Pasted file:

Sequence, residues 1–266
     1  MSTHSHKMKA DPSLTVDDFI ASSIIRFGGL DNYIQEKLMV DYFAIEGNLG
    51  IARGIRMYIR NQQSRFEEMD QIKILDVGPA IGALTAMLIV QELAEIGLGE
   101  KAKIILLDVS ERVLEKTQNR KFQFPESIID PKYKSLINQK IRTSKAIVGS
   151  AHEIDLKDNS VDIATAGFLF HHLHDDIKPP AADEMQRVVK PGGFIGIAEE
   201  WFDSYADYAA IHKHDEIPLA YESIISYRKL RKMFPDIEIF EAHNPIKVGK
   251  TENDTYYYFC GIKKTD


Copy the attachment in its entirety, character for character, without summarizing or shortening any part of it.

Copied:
Sequence, residues 1–266
     1  MSTHSHKMKA DPSLTVDDFI ASSIIRFGGL DNYIQEKLMV DYFAIEGNLG
    51  IARGIRMYIR NQQSRFEEMD QIKILDVGPA IGALTAMLIV QELAEIGLGE
   101  KAKIILLDVS ERVLEKTQNR KFQFPESIID PKYKSLINQK IRTSKAIVGS
   151  AHEIDLKDNS VDIATAGFLF HHLHDDIKPP AADEMQRVVK PGGFIGIAEE
   201  WFDSYADYAA IHKHDEIPLA YESIISYRKL RKMFPDIEIF EAHNPIKVGK
   251  TENDTYYYFC GIKKTD